As with most garden features, I’m partial to using natural elements. I like a nice stone walkway. As I’ve mentioned before, we have plenty of stone in our gardens, so we make good use of this resource by using it for many projects. I have built a few small paths through the flower beds to the outdoor spigots using flat rocks. Our main pathways will hopefully be paved with stones like this one from the National Gardens in Washington D.C.

Do you have dedicated paths and walkways in your garden that you have paved with something? What’s your favorite walkway material?

Structural Elements: Arbors, Trellises and Pergolas

March 9th, 2011

Arbors, trellises, and pergolas add great structure to the garden because they add a vertical element that is often lacking, especially in vegetables gardens. They are especially helpful in the winter garden when covered in dormant vines, or when cleaned of plant material and simply left to preserve the garden’s shape while the plants take a long winter nap.

Arbors and trellis help train plants by providing support for vines and climbers. They help keep these plants within their boundaries, which can be important for vines that like to ramble far and wide. We can use them to keep the clematis climbing the porch post, keep the cucumbers up off the ground, or to support the weight of juicy red tomatoes.

Since they allow us to grow upward, they allow for better use of space, particularly in small gardens. A tomato takes up much less space if trained up a support than if left to sprawl along the ground.

As with all garden features, arbors and trellises can be made of a wide variety of materials from crisp wood painted white, to saplings cleared from another part of the garden. They also come in all shapes and sizes from grand structures spanning hundreds of feet, a few stick of bamboo thrust into the garden to support a few peas.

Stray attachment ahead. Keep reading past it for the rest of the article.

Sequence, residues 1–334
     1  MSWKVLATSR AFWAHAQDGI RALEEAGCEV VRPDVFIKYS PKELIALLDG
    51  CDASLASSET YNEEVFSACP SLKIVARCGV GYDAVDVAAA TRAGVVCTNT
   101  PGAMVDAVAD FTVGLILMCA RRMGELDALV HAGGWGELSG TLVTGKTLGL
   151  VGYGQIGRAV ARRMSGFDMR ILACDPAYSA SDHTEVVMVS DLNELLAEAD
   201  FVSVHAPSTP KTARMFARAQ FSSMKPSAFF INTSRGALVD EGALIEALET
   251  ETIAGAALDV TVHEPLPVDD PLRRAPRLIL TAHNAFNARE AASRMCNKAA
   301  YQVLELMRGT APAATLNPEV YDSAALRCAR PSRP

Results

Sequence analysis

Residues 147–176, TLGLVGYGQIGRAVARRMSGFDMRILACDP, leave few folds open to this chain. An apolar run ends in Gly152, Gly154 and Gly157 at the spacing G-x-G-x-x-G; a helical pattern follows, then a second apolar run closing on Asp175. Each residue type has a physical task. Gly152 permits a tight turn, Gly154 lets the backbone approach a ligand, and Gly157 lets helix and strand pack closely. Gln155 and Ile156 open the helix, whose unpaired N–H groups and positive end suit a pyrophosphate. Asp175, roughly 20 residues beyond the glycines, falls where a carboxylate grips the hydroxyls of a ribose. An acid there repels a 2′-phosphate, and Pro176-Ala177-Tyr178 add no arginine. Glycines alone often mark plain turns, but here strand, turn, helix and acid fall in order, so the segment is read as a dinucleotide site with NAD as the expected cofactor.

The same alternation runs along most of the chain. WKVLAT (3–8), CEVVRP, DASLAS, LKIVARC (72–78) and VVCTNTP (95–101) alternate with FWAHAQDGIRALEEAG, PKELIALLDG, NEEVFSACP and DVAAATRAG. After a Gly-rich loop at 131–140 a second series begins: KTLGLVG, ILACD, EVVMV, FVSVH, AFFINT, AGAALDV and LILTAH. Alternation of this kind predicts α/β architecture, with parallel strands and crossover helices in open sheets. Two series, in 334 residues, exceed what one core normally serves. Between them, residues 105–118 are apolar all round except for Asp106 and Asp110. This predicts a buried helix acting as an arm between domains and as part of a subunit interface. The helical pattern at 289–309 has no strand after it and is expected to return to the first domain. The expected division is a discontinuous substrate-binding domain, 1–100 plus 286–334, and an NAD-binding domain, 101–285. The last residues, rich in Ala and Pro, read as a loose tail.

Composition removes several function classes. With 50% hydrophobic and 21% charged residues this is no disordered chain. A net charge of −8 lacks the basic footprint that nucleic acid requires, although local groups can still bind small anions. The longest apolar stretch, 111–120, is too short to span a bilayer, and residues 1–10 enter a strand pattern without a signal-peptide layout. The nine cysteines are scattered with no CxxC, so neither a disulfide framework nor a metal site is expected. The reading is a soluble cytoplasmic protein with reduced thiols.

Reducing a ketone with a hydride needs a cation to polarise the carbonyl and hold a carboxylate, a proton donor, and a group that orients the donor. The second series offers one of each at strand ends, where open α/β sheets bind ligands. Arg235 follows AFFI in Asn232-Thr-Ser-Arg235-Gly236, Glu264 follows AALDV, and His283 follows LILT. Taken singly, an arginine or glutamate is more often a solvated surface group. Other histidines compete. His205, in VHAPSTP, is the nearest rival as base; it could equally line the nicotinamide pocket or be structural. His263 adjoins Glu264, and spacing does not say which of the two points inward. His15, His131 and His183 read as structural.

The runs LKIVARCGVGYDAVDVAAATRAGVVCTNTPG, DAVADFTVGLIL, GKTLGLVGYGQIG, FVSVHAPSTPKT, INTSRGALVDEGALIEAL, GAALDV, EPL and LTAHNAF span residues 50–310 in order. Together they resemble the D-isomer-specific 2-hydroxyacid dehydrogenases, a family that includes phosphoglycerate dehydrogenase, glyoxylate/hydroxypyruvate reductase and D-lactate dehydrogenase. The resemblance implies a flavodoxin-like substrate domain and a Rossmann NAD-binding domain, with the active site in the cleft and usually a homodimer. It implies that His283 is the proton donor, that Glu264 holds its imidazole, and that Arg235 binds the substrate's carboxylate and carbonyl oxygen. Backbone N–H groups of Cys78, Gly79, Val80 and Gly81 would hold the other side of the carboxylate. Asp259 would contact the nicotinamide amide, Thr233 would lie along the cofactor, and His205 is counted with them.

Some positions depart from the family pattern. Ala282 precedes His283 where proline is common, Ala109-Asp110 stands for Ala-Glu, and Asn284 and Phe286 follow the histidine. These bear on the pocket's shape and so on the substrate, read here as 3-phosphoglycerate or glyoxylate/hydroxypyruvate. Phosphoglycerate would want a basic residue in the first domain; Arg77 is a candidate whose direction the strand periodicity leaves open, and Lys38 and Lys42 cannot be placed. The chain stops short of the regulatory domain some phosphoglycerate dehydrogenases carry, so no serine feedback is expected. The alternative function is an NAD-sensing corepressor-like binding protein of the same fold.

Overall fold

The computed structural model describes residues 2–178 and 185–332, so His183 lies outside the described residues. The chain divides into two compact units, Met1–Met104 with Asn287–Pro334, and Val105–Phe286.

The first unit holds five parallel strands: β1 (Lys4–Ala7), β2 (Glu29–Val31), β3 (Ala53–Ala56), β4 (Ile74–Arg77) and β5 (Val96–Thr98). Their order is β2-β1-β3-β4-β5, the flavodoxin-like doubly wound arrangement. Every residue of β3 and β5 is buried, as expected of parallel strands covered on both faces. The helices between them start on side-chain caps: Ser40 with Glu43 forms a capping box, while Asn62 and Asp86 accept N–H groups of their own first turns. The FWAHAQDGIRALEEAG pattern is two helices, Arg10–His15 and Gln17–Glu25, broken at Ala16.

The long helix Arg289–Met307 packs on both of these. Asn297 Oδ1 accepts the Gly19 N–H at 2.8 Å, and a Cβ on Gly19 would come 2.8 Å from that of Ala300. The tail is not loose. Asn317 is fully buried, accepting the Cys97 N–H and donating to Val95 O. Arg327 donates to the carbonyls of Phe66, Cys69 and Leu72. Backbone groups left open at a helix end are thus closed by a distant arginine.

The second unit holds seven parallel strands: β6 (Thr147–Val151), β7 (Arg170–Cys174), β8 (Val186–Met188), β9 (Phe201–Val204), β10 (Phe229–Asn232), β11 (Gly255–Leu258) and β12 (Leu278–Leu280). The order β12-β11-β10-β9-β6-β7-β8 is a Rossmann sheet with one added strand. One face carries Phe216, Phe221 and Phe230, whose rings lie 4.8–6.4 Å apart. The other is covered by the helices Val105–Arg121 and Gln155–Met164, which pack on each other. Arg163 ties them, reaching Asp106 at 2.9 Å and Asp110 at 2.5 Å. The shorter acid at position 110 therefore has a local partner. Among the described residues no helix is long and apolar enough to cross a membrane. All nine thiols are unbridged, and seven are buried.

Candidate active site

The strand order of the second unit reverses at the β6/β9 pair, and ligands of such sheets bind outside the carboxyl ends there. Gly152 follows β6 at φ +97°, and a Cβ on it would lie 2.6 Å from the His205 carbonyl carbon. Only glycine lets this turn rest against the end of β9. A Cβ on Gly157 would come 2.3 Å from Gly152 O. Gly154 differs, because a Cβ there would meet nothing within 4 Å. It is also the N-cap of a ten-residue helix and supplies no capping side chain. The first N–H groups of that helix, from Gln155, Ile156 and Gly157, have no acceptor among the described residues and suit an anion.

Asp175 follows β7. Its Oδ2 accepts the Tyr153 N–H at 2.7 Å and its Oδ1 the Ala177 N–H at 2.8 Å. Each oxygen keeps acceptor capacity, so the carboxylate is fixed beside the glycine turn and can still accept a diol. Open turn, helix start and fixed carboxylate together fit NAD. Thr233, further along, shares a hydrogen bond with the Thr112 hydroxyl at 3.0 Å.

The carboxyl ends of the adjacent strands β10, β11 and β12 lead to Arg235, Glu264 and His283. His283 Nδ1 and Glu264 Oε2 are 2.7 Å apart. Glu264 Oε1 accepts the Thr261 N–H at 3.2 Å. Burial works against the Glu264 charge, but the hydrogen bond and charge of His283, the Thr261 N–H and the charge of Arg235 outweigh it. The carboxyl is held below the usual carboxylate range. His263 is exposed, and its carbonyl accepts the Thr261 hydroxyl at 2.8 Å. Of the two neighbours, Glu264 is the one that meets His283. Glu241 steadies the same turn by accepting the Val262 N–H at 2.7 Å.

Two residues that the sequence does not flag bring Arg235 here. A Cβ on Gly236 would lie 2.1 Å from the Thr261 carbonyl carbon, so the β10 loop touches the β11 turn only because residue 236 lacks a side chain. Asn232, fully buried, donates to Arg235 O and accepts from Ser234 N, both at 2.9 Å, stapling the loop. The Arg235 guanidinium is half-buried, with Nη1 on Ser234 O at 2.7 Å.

I love arbors and trellises. Perhaps it’s because I have a fondness for flowering vines, or maybe I just love the beauty they add to the garden. Sadly I have no arbors in my garden and only one trellis. A couple years ago Mr Chiots built me this nice large cedar trellis on our garage wall. It’s planted with hops and clematis and occasionally a few sweet peas. I don’t have a photo of it, but you can see it here behind the hydrangeas and here’s a young clematis vine that’s growing on it.

I have a particulary fondness for arbors and trellises made of found materials like saplings and small trees. I was especially impressed by these when I visited the vegetable garden at Monticello.

I’m hoping that I can build a few small trellises for my garden this summer. They won’t be anything grand, although I do dream of having a nice arbor over my garage door draped in grape vines and a few beautiful old fashioned climbing roses scampering up my front porch posts. Vertical elements is something I need to work on my garden! If I had to choose a favorite climbing plant it would probably be the hydrangea vine. I have a few starts I got from my mom’s neighbor this past year, they take a while to get established but I can’t wait!

Do you have arbors and trellises in your garden? What’s your favorite climbing plant?

Reading & Watching

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This is a daily journal of my efforts to cultivate a more simple life, through local eating, gardening and so many other things. We used to live in a small suburban neighborhood Ohio but moved to 153 acres in Liberty, Maine in 2012.